So, when filmmakers start messing around with this woman’s legacy, those who love and revere her are definitely going to sit up and take notice.

What we notice about this Burton film is that somebody (Casting agent? Executive Producer? Director?) decided it wasn’t important to portray Harriet Tubman as the dark-skinned daughter of Africa that she most definitely was.

Harriet Tubman (left) & the actress cast to play her 

Tubman’s direct ancestors are believed to have been of the Ashanti tribe from what is now Ghana, West Africa. She was not “mulatto” and she received none of the advantages during her life (literacy, freedom, income, protection) that might have come from being mixed with the slave master’s blood.

Harriet Tubman’s dark skin is central to her story as a black American woman, and anyone who knows and respects the history of Africans in America would know that.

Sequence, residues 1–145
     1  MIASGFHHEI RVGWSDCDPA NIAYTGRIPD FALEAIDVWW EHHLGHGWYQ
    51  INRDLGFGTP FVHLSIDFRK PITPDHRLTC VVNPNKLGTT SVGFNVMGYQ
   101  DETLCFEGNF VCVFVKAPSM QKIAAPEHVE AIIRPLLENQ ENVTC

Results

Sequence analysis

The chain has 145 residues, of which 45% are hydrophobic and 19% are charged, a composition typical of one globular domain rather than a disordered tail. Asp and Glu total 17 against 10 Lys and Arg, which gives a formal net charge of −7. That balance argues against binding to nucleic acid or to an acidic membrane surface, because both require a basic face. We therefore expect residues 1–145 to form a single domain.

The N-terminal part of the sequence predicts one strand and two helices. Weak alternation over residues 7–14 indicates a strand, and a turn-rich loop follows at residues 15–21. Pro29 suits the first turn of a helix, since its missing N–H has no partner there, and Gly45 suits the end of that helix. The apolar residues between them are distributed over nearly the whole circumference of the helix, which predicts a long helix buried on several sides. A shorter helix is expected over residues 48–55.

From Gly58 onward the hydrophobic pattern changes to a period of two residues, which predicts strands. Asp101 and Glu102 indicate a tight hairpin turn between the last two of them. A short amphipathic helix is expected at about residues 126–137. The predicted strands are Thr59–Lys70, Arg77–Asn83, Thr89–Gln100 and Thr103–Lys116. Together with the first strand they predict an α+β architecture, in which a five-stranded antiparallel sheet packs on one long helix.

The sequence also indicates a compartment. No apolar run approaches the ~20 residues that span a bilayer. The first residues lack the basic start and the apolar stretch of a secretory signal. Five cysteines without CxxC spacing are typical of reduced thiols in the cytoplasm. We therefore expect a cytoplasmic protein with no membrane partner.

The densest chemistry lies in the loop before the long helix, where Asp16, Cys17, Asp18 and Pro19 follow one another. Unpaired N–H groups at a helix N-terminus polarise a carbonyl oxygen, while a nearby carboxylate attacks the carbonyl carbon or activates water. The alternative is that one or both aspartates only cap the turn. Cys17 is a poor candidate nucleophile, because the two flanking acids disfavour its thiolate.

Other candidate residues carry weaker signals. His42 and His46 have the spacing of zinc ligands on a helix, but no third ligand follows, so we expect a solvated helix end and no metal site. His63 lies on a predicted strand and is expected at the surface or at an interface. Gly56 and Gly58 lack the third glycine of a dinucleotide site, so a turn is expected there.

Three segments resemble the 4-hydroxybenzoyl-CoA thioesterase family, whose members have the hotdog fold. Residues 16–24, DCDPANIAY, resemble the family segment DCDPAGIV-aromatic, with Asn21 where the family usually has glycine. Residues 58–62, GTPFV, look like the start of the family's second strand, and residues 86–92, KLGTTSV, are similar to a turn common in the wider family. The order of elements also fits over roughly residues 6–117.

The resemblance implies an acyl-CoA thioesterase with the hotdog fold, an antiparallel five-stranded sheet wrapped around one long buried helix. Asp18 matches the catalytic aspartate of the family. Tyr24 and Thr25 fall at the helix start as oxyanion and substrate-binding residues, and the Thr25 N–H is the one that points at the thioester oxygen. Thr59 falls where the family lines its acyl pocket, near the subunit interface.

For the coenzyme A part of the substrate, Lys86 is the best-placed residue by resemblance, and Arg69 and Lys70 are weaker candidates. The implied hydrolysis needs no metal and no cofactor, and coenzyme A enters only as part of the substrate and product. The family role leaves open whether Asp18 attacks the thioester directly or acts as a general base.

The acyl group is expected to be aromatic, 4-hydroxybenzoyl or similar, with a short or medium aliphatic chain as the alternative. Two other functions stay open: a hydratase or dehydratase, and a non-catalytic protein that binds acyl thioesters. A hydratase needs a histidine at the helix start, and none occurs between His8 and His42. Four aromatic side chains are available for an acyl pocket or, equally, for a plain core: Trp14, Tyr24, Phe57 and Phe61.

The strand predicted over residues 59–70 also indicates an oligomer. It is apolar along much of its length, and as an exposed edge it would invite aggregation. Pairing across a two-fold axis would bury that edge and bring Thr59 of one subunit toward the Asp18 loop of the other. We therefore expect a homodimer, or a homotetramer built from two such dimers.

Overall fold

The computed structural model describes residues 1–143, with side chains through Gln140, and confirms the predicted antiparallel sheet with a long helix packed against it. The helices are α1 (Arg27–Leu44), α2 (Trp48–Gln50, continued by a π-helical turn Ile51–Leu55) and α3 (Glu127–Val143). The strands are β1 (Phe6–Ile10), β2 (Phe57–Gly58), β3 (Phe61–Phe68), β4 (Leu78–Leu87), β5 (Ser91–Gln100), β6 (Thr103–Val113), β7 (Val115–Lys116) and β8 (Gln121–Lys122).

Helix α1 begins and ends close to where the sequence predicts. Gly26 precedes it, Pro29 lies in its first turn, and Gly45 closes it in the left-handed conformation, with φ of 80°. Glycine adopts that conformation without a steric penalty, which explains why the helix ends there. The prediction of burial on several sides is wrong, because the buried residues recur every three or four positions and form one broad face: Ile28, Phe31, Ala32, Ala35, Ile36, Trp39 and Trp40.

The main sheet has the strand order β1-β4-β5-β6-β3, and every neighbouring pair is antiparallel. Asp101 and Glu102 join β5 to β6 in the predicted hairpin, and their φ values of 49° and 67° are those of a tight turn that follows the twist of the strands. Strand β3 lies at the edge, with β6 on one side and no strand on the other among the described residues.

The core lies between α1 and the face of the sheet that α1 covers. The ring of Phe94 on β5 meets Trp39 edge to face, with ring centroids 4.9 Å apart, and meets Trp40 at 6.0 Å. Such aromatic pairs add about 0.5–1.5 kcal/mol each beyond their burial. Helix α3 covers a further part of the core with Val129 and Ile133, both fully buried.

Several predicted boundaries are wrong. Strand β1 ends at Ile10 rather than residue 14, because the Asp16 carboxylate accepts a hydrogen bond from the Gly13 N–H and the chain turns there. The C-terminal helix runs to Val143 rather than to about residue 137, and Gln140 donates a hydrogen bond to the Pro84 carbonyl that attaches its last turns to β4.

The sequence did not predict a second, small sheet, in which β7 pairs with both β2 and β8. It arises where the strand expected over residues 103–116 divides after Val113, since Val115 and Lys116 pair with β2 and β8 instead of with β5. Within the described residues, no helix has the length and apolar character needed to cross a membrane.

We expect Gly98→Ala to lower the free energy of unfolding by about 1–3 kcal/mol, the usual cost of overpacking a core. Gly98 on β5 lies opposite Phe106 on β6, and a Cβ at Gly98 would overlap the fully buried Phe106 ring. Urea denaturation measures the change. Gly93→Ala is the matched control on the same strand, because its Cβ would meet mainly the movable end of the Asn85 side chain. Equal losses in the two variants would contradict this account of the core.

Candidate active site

Which raises the question…

Why was Jaqueline Fleming even in the running for this part? (I get why she took the role, but it is lost on me how she could be cast here.)

Casting a movie is never haphazard. Casting agents are like character chemists who are responsible for connecting the audience to the actors and the actors to one another. Their expertise is generously compensated, and their track records are what get them gigs. A quite prolific casting agent, Mindy Marin, cast this movie, though she may not have had the final say in how Harriet should be portrayed.

But someone did. And someone decided she shouldn’t be so black. Someone decided Harriet Tubman should look less like herself and more like Jaqueline Fleming, and that someone had a reason which is left open to speculation.

So, let’s speculate:

Perhaps the closer a woman of African descent is to looking like a white woman, the more palatable she becomes to the audience.